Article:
Side Effects

Overview of the side effects from radiation

Radiation therapy mostly only causes side effects in the part of the body that is being treated.  For this reason, it won’t make you lose your hair, and you won’t feel sick or nauseous.  You may sometimes get fatigue but most people will have enough energy to do all their normal activities.

This picture shows the Prostate, Bladder, Rectum, and Urethra.  The black circle is the area that is being radiated.  You can see that the radiation will hit all those organs to some extent.  In addition, the nerves that control the erections travel over the prostate gland, and these are also radiated.

Side effects can occur in the short term (during radiation therapy), or in the long term (months – years following radiation therapy).  Inflammation causes short term side effects, and scarring causes long term side effects.

Short term side effects

Radiation therapy will cause inflammation in the prostate, bladder, rectum, and urethra.  This inflammation will *not* start on the first day of radiation.  It will gradually build up over the first few weeks.  You may not even notice any side effects until you are into your third or fourth week of radiation.  Some people are more sensitive and may notice changes even in the first week.  There are several remedies to help treat short time side effects, including anti-inflammatory drugs, steroids, and medications that relax the irritated prostate or bladder.

Once the radiation therapy is all completed, the inflammation will subside and the side effects will gradually go away over 1 – 2 months.  Most patients, but not all, feel like they are back to normal by 6 weeks to 3 months following the end of radiation.

Fatigue is one of the few whole body side effect.  The inflammation in the prostate gland probably causes the fatigue, and once this clears up the fatigue should improve.  Men who are on hormone therapy will get a lot more fatigue.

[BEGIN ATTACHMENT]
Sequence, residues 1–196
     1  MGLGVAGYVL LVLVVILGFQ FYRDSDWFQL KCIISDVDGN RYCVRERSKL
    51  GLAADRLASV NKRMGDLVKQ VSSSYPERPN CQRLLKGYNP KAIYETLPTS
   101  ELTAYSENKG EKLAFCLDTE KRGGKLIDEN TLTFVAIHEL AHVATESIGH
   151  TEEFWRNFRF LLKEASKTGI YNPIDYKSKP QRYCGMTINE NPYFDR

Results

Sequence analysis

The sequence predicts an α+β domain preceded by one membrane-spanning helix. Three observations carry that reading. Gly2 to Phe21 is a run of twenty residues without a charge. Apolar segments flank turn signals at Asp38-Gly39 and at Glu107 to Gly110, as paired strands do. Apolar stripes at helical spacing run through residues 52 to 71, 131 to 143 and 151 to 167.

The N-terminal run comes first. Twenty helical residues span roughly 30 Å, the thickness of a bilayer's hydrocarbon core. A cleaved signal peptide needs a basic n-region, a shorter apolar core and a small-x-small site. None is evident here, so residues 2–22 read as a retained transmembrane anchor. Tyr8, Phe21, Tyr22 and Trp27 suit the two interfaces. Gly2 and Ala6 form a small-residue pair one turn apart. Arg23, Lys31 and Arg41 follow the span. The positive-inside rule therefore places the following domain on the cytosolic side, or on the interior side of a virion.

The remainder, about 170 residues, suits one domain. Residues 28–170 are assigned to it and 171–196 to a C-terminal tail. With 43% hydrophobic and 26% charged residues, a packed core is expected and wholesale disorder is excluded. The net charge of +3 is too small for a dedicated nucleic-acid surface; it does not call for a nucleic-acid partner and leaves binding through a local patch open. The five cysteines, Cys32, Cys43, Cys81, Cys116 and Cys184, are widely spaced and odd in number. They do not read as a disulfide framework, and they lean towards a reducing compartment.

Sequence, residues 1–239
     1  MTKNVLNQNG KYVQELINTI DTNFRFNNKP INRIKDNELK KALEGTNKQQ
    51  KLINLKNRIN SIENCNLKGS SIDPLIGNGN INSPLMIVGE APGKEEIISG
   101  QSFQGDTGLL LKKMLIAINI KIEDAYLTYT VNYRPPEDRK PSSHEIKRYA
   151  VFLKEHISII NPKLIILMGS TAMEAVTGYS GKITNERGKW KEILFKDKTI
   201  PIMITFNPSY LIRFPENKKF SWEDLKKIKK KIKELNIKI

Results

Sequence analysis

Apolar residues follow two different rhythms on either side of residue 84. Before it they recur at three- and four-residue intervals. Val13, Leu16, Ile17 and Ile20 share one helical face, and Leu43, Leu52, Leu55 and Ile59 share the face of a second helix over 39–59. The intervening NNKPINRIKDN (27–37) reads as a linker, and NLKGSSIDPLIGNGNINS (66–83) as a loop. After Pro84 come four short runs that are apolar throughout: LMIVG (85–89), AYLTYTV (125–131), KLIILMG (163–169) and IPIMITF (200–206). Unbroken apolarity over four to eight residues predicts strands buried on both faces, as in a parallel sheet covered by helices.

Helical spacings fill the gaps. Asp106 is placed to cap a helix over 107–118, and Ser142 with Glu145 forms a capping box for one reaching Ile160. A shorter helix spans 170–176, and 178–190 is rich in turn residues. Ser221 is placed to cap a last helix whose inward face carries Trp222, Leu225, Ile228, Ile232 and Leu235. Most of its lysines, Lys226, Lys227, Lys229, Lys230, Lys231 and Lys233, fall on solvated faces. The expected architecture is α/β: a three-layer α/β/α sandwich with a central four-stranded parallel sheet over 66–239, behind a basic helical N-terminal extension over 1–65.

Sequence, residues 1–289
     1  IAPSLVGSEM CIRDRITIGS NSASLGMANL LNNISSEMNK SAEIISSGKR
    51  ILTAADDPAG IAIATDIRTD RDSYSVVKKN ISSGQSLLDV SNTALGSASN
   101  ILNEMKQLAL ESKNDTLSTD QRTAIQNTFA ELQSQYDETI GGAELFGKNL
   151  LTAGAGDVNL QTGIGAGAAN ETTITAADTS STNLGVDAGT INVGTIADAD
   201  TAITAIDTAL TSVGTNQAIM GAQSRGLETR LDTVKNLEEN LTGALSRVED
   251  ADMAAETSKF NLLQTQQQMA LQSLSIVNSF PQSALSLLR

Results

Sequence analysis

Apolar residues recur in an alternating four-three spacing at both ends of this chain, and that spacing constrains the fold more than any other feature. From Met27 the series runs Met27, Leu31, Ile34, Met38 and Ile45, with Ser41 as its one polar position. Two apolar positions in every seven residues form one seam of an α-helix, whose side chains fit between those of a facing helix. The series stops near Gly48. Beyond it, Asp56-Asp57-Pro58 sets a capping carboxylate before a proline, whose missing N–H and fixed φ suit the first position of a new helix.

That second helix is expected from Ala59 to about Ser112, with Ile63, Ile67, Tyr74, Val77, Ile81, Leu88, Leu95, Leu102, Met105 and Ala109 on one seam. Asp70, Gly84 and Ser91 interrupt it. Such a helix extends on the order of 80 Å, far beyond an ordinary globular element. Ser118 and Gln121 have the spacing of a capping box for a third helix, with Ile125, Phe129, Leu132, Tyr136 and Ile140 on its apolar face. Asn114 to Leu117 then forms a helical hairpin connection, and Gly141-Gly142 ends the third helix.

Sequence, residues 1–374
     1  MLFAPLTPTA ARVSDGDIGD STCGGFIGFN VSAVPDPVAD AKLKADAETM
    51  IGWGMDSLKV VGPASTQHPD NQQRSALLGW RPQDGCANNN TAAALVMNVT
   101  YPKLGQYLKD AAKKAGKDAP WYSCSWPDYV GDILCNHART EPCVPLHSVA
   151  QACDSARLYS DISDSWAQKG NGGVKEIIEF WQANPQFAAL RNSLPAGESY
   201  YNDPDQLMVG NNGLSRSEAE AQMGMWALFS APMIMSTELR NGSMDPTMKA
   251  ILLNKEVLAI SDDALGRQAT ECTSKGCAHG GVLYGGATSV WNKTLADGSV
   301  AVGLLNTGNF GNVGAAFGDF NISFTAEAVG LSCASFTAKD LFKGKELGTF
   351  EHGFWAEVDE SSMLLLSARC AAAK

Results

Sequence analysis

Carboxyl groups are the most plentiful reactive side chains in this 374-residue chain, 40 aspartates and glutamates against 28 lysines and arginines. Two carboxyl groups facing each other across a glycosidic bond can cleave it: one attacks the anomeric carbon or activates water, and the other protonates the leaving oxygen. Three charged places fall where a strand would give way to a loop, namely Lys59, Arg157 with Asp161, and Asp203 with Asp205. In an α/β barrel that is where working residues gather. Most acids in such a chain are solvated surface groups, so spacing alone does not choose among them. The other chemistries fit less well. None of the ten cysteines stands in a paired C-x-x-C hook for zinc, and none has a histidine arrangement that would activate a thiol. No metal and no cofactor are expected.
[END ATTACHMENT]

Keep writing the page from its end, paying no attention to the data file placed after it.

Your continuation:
Long term side effects

Once the inflammation is all healed, there can be some scarring that occurs.  This is one way in which the body heals inflammation.  Scarring can cause long term side effects.  An example would be some scarring of the blood vessels and nerves that control the erections, which would result in erectile dysfunction (ED).

Long term side effects are harder to treat, because it is not easy to treat scar tissue.  Treatments like hyperbaric oxygen therapy and laser therapy may be required.  As well, long term side effects can be long lasting or permanent.

Fortunately, the most common urinary and rectal side effects with prostate radiation are short term side effects.  The only common long term side effect is weakening of the erections.  Less common long term side effects are bleeding from the rectum and incontinence (loss of urine control).

Q) Will I feel sick while I’m on radiation?

A) No.  The side effects are mostly in the prostate, rectum, and bladder area.


Q) I have heard that radiation can burn you up.  Will I get burns on my skin?

A) No.  There is usually no skin reaction from prostate radiation.  Occasionally there can be a few pinkish patches that go away in a few weeks.


Q) Will I be able to work?  Will I be able to drive?  Will I be able to play golf?

A) Yes, yes, yes!

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